News / Edmonton

Black History Month gets formal recognition in Alberta

This is the first year Edmonton is officially recognizing the month with the political involvement of Edmonton-Centre MLA David Shepherd.

Brnesh Berhe says Black History Month is becoming more focused on the local in Edmonton.

Kevin Tuong/For Metro

Brnesh Berhe says Black History Month is becoming more focused on the local in Edmonton.

When Brnesh Berhe was in school black history wasn't a major part of the curriculum, leaving her to learn about key bits of the province's black history through word of mouth.

Indeed, Berhe said she didn't know about the Ku Klux Klan's recent past in Edmonton—they printed a newspaper, The Liberator, out of a downtown building in the 1930s—until someone tweeted a historian's work on the story.

But Berhe, a local writer whose parents immigrated to Canada from Eritrea, said this gap in local knowledge is changing, thanks to historians who are unearthing new information. And that's why she thinks Black History Month in Edmonton, which runs this February and which Alberta proclaimed for the first time ever Tuesday, will focus more firmly on the local. 

"I think some people in Edmonton, when they see these events they ask, 'What's the need for it?,'" she said. "That history is right there, and if we're going to fix the s--- that's going down we need to know the history."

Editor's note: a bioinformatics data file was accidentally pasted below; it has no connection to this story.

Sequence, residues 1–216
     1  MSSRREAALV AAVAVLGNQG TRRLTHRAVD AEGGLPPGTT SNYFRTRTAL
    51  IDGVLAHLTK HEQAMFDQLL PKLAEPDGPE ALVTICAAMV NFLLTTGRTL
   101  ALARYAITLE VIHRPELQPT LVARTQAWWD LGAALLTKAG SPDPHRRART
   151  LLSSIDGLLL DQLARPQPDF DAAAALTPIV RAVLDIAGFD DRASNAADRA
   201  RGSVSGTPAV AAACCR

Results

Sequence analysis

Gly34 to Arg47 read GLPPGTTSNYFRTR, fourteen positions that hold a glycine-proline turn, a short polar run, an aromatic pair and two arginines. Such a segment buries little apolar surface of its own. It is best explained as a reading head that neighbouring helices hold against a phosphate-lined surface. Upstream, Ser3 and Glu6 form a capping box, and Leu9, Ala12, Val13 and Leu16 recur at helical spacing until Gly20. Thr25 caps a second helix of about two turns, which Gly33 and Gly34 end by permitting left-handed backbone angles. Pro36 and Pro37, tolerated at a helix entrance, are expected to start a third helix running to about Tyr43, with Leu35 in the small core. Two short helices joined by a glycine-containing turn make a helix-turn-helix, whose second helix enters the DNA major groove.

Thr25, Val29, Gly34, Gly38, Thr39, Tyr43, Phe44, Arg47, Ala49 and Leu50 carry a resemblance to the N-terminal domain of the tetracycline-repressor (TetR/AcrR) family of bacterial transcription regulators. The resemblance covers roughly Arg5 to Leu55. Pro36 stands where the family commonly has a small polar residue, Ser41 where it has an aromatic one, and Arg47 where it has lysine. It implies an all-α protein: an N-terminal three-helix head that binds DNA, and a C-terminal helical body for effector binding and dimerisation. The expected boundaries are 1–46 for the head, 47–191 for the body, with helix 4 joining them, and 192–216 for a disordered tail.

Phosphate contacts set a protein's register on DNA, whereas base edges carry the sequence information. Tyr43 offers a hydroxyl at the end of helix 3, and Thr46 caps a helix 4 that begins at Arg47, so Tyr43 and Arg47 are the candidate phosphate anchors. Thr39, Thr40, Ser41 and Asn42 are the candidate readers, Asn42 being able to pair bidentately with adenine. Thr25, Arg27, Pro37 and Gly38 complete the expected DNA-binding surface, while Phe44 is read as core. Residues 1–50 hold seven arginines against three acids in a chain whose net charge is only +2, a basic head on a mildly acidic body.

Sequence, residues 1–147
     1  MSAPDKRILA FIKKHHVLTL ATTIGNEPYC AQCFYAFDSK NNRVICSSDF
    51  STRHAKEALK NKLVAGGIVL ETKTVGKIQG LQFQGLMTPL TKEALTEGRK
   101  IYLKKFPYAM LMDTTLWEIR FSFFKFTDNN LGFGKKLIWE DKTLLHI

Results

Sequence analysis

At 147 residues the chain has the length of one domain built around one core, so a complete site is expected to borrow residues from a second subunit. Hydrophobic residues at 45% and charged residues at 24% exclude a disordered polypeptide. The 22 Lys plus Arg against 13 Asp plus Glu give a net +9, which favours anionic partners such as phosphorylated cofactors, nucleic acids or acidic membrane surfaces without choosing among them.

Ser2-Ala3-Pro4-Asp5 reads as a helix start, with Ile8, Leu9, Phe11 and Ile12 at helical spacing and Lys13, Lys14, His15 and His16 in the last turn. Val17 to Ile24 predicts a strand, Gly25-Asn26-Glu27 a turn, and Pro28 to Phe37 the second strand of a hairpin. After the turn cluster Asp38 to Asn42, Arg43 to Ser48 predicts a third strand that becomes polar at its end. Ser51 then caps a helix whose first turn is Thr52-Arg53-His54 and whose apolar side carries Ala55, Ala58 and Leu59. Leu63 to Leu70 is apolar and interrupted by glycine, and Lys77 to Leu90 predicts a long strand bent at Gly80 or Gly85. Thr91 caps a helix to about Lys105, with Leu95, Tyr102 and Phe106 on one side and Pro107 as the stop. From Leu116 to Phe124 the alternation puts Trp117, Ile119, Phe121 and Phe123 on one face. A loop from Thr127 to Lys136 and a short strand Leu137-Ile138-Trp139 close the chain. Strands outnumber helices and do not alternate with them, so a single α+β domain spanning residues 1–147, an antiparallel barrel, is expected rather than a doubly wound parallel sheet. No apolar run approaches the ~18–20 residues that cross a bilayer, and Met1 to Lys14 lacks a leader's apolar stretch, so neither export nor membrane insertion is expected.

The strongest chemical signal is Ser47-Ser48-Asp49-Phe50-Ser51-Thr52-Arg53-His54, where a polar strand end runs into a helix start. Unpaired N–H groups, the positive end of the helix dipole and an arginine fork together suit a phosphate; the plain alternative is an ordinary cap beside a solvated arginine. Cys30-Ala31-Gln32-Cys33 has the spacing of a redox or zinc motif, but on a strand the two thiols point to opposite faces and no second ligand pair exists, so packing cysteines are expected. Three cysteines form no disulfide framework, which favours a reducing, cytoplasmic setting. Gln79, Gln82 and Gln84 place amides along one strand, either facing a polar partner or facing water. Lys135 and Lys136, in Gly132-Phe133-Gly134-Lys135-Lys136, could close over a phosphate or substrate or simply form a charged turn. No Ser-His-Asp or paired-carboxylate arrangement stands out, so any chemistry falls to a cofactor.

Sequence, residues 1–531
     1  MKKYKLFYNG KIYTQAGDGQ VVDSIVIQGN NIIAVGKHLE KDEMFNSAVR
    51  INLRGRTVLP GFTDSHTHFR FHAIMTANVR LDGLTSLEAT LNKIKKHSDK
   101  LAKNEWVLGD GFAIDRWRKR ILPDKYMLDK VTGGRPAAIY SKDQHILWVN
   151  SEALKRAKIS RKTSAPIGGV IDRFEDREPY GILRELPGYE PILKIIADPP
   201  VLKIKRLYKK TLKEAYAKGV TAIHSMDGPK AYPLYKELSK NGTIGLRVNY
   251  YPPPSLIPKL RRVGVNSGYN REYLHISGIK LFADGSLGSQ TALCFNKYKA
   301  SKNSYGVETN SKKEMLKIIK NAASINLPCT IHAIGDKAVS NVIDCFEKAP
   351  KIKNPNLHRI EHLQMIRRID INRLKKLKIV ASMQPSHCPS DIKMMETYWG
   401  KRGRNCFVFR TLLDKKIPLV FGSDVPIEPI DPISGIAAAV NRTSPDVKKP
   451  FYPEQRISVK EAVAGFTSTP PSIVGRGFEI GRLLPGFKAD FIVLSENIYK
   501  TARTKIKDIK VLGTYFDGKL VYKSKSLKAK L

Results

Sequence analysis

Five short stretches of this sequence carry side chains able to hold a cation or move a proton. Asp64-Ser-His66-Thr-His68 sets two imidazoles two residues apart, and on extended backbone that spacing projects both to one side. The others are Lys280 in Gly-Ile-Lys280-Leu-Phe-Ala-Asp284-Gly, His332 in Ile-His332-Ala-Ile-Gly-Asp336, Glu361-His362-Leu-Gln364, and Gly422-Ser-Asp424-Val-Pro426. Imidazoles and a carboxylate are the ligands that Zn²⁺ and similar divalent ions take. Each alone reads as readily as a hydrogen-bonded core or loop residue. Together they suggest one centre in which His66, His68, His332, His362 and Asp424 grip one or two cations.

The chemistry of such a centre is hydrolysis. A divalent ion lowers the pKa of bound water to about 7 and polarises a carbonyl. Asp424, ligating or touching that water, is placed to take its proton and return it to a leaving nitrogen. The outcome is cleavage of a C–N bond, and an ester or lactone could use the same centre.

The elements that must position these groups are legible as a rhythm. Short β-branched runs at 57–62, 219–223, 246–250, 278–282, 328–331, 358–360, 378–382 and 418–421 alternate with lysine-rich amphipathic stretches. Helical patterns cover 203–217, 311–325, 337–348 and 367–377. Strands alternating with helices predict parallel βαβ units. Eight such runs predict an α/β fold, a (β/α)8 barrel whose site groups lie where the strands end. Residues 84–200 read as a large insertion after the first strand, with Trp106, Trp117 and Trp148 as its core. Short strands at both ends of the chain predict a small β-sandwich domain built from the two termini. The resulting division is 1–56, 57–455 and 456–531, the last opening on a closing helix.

Indeed, the event comes in the wake of several anti-black incidents in Edmonton in 2016 — several people being called the violent 'N-word' caught on film or otherwise, which Metro has reported on.

Somewhat fittingly, this year will be the first time Edmonton officially recognizes the month with political involvement at the highest level, thanks to Edmonton-Centre MLA David Shepherd's push. 

While in the past, Berhe said Black History month could often look to the United States' black history — civil rights, Martin Luther King — during the festivities, this year things are a bit different. 

"I think locally there's a lot of push to talk about what's happened in Edmonton and Alberta," Berhe said. "There's a lot of people that don't know about that history, even other black people."

The provincial government's first official recognition of Black History Month will be marked with a ceremony on Thursday at 6 p.m. at the Legislature.

Shepherd, who has also created a petition calling for an African-Canadian Heritage Day in Alberta, said it's time to go bigger with the event. 

"Our province needs to seek opportunities to recognize and share about the history and experience of Albertans of African descent," he said, on a page devoted to the event.

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